NEW YORK (Reuters) - Wall Street firms are cheering a court ruling that will exempt Collateralized Loan Obligation (CLO) funds from complying with Dodd-Frank Act rules that require investment managers to hold some of their deals’ risk.
The US Court of Appeals for the District of Columbia Circuit ruled last Friday that CLO funds, the largest buyer of leveraged loans, will no longer have to comply with ‘skin in the game’ rules designed to align interests between managers and their investors.
The ruling was a win for the US$501bn asset class and is expected to benefit smaller managers most that struggled to find enough cash to buy the required retention in order to issue new deals or rework existing funds.
“The overall takeaway by many market participants is that this is an important decision that will help grow the market,” said Tom Majewski, founder of Eagle Point Credit Management, which invests in the equity and junior debt of CLOs.
CLO funds performed well during the financial crisis and saw the application of risk-retention rules as unfairly maligning the asset class by lumping them in with similar funds that were blamed for 2008’s meltdown.
The Loan Syndications and Trading Association (LSTA) sued the Federal Reserve (Fed) and Securities and Exchange Commission (SEC) in 2014, arguing the risk-retention rules were “arbitrary, capricious” and “an abuse of discretion.”
The case bounced through the court system, with the Federal District Court for the District of Columbia ruling against the New York-based trade organization in 2016. The LSTA appealed and that decision was overturned by three Court of Appeals judges last week.
Regulators now have 45 days to seek an en banc review, a hearing in front of the active DC Circuit Appeals Court judges. The government also has a 90-day window to seek review from the Supreme Court, according to Richard Klingler, a partner at law firm Sidley Austin and the LSTA’s counsel.
“We are reviewing the court’s decision,” a Fed spokesperson said in an e-mailed statement. An SEC spokesperson declined to comment.
CLOs, which buy leveraged loans extended to companies including retailer Party City and health care facilities operator HCA, sell different tranches of varying risk of their fund to investors.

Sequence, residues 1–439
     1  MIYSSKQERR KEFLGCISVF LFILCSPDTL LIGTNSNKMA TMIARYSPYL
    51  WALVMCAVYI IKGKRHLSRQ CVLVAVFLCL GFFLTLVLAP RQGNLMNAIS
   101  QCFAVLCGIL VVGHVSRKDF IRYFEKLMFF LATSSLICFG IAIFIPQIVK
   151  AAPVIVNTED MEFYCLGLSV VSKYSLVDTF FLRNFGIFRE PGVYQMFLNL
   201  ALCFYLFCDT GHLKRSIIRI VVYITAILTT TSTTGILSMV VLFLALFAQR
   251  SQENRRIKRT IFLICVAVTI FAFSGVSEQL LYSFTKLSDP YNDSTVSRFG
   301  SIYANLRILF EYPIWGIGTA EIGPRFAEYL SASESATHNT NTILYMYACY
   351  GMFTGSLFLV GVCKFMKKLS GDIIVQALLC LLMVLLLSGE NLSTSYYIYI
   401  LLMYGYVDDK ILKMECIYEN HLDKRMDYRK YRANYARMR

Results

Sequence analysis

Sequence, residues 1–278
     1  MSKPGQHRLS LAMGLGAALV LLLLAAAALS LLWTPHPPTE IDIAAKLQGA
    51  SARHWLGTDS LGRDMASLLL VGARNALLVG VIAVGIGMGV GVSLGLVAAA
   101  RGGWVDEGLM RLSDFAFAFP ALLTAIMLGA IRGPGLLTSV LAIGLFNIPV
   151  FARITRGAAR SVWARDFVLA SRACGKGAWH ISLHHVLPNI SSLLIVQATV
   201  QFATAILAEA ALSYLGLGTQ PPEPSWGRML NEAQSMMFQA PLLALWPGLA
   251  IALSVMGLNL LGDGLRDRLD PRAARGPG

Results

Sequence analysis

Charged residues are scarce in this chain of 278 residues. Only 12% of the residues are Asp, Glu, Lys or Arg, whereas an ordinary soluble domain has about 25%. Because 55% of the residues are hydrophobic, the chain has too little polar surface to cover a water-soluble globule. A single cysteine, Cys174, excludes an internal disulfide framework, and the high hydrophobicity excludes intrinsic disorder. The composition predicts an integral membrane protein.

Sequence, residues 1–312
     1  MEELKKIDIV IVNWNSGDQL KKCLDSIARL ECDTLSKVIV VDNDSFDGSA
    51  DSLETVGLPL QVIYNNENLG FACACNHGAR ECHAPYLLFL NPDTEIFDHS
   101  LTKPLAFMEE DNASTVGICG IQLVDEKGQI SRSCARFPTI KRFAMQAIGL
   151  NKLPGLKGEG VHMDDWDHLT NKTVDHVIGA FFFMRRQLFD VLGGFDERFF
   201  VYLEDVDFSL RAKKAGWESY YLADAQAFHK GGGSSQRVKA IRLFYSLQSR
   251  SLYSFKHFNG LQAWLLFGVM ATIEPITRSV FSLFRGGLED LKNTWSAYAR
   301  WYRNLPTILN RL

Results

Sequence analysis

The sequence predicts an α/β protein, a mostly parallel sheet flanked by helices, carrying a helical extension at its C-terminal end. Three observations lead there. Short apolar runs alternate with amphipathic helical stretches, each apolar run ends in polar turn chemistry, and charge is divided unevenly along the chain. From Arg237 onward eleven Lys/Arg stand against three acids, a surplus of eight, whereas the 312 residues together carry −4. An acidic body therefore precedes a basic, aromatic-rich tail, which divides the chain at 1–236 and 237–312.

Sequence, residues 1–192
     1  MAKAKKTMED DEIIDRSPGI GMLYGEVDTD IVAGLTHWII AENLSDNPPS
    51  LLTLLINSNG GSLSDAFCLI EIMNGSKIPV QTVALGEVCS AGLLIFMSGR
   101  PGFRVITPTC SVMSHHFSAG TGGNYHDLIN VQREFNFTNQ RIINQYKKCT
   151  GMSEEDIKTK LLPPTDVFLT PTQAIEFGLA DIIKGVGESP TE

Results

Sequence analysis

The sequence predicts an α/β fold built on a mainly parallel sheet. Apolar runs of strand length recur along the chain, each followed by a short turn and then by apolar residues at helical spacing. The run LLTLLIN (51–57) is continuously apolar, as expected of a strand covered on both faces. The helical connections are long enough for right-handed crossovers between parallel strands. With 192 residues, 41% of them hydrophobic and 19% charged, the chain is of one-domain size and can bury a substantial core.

Initial concerns that risk retention would limit issuance proved unfounded as CLO volume rose to more than US$117bn in 2017, the second-largest year on record, according to Thomson Reuters LPC Collateral data, after firms put plans in place to comply with the retention rules before the December 2016 effective date.
Attractive yields mean that CLO managers now have a decision to make. Firms issuing deals will still need to comply with the retention rules - at least until the review period is over, said Sean Solis, a partner at law firm Dechert,
With spreads on the most senior Triple A tranches at pre-crisis lows, some CLO managers may still choose to issue now, even if they have to buy risk retention, sources said. Lower spreads on the senior tranches give higher payouts to equity holders who are reimbursed with the interest leftover after every debtholder is paid.
“Yields are too attractive for [the market] to stop taking advantage of issuing new deals and resets,” said Paul St. Lawrence, a partner at law firm Cleary Gottlieb Steen & Hamilton.
Many funds have already warned investors that it is possible that managers may no longer need to hold required retention if the court ruled in the LSTA’s favor, Solis said.
Arrangers need to make investors aware of the ruling and of the possibility that managers may sell their holdings at a future date, said St. Lawrence, which means that the amount that managers were going to buy and retain may change.
Arranging banks may also have to find new buyers for CLO managers’ risk-retention holdings that they no longer intend to keep, sources said.
The future of billions of dollars of risk-retention capital that brought new investors into the asset class is also in question. Many retention vehicles are structured to remain in place even if the rules go away, but some managers may reexamine the funds in light of the ruling, the sources said. But for now, managers may continue to tap that capital.
“If you are about to price a CLO and had a pocket to hold it, a retention pool, you’re still going to use it,” Majewski said.
Reporting by Kristen Haunss; Editing by Tessa Walsh and Michelle Sierra